History

After the success of a Jewish genetic disorders symposium in 1997 – coordinated by Children’s Memorial Hospital, the Jewish Federation of Metropolitan Chicago, and the Illinois Jewish Genetic Disorders Committee – the idea of continuing a collaborative effort was formed. The trio believed that health education advancements were not paralleling scientific advancements in the field of genetic disorders, especially in Chicago. They decided a Center devoted to gathering and disseminating knowledge about Jewish genetic disorders was crucial. The Center would be one without walls, drawing on the strengths and capabilities of local institutions, organizations, and individuals, making it accessible to everyone. With a three-year grant from the Michael Reese Health Trust, the Chicago Center for Jewish Genetic Disorders was founded in 1999 and hired Karen Litwack as director. An executive committee and advisory board were created to provide oversight for the program. The Center, housed at the Jewish Federation, is a cooperative effort of the Jewish Federation of Metropolitan Chicago, Children’s Memorial Hospital, and the Illinois Jewish Genetic Disorders Committee. Since its inception, the Center has strived to fulfill its mission to educate and serve professionals and the Jewish community.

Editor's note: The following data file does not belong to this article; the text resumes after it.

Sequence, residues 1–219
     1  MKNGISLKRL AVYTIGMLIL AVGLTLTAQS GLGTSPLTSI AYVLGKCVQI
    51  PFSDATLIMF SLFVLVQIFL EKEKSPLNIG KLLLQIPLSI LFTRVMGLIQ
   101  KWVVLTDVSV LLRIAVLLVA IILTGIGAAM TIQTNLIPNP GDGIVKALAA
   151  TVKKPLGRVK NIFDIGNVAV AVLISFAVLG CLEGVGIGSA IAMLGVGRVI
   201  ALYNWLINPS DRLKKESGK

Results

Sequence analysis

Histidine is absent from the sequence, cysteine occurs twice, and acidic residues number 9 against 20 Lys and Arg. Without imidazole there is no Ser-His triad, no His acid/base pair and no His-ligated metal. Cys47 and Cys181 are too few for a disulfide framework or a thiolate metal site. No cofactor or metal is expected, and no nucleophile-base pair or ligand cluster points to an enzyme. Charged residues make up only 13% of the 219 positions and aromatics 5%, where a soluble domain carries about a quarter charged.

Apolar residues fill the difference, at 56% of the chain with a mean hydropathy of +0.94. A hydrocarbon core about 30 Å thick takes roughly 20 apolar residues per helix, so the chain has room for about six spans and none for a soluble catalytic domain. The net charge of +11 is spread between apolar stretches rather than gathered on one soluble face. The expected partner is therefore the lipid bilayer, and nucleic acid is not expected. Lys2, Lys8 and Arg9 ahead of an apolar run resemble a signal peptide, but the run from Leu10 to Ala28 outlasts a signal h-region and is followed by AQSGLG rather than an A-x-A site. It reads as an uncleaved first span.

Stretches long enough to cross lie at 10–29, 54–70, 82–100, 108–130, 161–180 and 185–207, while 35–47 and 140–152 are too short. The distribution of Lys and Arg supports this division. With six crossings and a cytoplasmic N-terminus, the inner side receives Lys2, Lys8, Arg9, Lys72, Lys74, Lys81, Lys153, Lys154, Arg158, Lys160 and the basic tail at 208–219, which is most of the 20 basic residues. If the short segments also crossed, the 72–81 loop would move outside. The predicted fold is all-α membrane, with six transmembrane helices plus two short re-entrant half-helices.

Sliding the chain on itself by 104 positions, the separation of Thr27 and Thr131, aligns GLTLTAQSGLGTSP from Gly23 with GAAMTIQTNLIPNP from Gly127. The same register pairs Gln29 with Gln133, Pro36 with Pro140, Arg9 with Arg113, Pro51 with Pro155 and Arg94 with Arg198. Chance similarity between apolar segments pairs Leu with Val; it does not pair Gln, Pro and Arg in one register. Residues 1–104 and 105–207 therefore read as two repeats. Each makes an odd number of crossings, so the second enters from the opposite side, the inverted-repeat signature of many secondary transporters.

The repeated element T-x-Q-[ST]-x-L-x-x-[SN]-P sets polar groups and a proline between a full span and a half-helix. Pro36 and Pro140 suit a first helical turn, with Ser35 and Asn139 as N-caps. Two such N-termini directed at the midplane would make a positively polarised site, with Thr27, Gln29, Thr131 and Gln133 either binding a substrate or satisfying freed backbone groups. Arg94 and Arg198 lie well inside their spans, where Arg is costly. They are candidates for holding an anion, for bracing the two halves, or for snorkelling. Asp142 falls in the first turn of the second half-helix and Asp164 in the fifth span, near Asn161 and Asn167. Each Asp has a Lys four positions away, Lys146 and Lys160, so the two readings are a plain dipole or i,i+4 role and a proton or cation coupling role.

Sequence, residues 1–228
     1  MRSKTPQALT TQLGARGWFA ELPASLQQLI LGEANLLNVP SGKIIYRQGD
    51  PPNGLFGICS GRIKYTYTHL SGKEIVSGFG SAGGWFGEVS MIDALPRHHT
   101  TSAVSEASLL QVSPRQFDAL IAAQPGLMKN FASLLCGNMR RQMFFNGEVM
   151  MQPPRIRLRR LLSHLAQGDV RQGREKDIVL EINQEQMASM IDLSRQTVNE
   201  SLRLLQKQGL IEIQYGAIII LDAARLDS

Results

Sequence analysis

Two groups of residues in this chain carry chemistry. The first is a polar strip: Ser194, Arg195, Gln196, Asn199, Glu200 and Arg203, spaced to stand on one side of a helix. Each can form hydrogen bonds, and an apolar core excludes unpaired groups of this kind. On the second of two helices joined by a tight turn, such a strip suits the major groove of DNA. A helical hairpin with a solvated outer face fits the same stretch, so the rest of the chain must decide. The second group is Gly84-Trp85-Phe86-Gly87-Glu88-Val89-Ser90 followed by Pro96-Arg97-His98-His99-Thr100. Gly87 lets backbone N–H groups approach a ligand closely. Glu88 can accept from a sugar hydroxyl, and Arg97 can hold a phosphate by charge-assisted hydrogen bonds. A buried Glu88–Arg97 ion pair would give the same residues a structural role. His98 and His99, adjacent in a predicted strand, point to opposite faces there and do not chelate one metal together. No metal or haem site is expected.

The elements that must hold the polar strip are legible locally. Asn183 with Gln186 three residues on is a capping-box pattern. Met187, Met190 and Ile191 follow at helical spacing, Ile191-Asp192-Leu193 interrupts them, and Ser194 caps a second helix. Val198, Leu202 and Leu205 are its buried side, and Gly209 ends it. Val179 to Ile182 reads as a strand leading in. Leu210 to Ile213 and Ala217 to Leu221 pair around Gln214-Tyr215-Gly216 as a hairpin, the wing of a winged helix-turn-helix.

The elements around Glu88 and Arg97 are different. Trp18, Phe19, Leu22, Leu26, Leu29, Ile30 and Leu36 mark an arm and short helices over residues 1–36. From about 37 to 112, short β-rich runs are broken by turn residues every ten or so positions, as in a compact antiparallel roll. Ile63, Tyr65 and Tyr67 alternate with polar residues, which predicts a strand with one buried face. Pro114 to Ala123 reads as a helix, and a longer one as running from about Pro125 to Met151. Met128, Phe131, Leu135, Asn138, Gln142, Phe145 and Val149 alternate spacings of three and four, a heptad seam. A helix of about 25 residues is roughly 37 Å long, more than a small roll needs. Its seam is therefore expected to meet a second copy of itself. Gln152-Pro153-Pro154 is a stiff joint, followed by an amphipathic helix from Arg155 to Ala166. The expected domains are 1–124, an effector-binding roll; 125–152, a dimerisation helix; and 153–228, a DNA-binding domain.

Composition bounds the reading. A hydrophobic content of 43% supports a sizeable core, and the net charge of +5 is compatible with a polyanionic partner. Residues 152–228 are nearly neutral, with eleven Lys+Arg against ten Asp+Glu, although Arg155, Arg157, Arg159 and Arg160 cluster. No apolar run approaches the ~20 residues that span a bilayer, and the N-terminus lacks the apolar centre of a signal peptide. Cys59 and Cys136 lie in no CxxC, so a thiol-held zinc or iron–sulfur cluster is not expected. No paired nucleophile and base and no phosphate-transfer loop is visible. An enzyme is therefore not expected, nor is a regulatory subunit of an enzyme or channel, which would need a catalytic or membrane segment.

Children’s Memorial Hospital, a Chicago hospital, was founded in 1882, with the mission of focusing on the needs of children and their families. All of their staff members are trained in pediatrics and their facilities are designed with children in mind. Children’s Memorial Hospital supports loving families, a caring community, and wise policymakers.

Jewish United Fund/Jewish Federation of Metropolitan Chicago is Chicago’s largest Jewish philanthropy and supports essential social welfare, educational, cultural, medical, and relief programs for 300,000 people here in Chicago, and two million worldwide.

Illinois Jewish Genetic Disorders Committee is a lay committee of community leaders who have had personal involvement in organizations that support research of Jewish Genetic Disorders.